Low genetic diversity leads to low IQ

07 July 2015

Interview with

Dr Peter Joshi, University of Edinburgh

Most animals, including humans, take steps to find a mating partner that is as genetically different from themselves as possible.school child learning And in our case that's with good reason, because scientists have now discovered that people who inherit the same versions of certain genes from their mum AND their dad, which is what can happen if you marry a close relative like your cousin, are likely to be shorter and do less well at school than those who get different versions from each parent. To find out more, Kat Arney spoke to University of Edinburgh researcher Peter Joshi, who was part of the study team.

Peter - What we're doing is using modern genomic techniques to measure genetic diversity. And The way that we're doing that is that we're using 350,000 people in total. To make sure that the study is very robust, we used 100 different populations across the world with all of that information and then collating it centrally in Edinburgh, we basically looked and measured the genetic diversity of each of those individuals.

Kat - So, you've got hundreds of thousands of people from populations across the world. How are you analysing their genomes? What are you looking at?

Peter - What we do is we look at the genetic diversity of individual people within that population and compare them with other people within the population. And At the same time, we look at their cognitive ability, height or blood pressure and within that population, see whether or not there's an association between genetic diversity and say, educational attainment. Having done that, we then combine all the results of the different studies to see whether or not the effect is robust and reliable across lots of populations.

Kat - So, when you started looking at the levels of diversity about whether people have two copies of gene or two different copies of a gene, what did you start to find?

Peter - We're looking at the whole of the genetic code of each individual and we're scanning along that genetic code and checking what proportion of that genetic code is identical from the mother and the father. What we typically find is that about 0.1 per cent of the genetic code is inherited identical from the mother and the father. But that number varies from individual to individual. With some people, it might be none at all and in some other people, it might be 3 or 4 times that. What we find is that if you've inherited 2 or 3, 3 or 4 times the norm in terms of lack of diversity that reduces educational attainment, cognitive ability and height.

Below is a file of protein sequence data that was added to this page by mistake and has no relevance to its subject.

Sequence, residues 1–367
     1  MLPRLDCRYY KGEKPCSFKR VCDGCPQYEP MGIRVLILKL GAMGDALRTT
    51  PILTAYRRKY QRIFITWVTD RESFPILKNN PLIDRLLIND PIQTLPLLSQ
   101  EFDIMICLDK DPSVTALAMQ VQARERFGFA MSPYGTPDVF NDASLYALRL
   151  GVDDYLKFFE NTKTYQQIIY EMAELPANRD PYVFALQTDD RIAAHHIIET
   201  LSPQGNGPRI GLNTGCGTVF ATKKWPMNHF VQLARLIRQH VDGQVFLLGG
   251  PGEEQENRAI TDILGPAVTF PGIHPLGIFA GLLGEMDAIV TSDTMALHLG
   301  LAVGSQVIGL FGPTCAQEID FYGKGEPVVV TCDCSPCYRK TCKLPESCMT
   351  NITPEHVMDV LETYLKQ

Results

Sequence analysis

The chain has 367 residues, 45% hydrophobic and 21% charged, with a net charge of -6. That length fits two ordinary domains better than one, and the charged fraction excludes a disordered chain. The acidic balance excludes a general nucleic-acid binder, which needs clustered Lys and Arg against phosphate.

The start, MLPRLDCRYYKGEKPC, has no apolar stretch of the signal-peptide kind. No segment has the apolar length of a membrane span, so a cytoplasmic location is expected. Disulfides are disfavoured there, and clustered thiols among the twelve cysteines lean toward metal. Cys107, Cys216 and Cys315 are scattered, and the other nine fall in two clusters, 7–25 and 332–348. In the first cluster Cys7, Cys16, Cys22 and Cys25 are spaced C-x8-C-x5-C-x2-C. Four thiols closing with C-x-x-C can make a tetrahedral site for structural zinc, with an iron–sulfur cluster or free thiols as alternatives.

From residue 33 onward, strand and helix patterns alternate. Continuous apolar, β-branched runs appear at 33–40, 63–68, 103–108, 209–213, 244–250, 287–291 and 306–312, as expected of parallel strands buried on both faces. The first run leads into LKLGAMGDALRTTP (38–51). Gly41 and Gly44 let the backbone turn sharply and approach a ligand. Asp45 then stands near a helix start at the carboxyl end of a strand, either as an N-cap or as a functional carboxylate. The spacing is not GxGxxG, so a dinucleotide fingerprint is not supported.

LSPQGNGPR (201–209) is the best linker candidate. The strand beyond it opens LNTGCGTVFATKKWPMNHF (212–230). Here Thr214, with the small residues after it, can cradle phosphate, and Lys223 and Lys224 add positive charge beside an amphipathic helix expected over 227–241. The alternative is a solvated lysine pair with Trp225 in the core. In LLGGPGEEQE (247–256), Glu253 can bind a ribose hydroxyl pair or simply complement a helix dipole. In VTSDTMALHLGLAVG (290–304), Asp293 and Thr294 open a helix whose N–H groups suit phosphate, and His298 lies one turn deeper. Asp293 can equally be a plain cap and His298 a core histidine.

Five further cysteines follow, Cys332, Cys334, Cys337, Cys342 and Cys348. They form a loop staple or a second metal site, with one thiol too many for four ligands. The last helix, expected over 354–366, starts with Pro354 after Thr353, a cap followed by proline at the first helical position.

Kat - So people who've got more similar genes from their parents, they don't do as well at school and they're shorter?

Peter - Yes, but it's also important to recognise that these effects are small. But on an individual level, it wouldn't be measurable. That's why we needed 350,000 people to robustly demonstrate that it was a real effect. The mechanism that we think might be involved is that there will be things associated with development that might underpin growth and therefore your height. And so, it's not height itself in a way that is being controlled in this way but it's the underlying biological systems and two bad copies might affect height in that way up and cognitive ability. If that happens, if these traits are favoured by evolution then we see this overall effect whereas for traits that are not subject to evolutionary pressures, we don't see that in quite the same way. It's speculation and one of the things we want to look at in the next stage of our study but it's to understand perhaps what's going on in more detail in terms of inheriting two identical copies of a defective gene.

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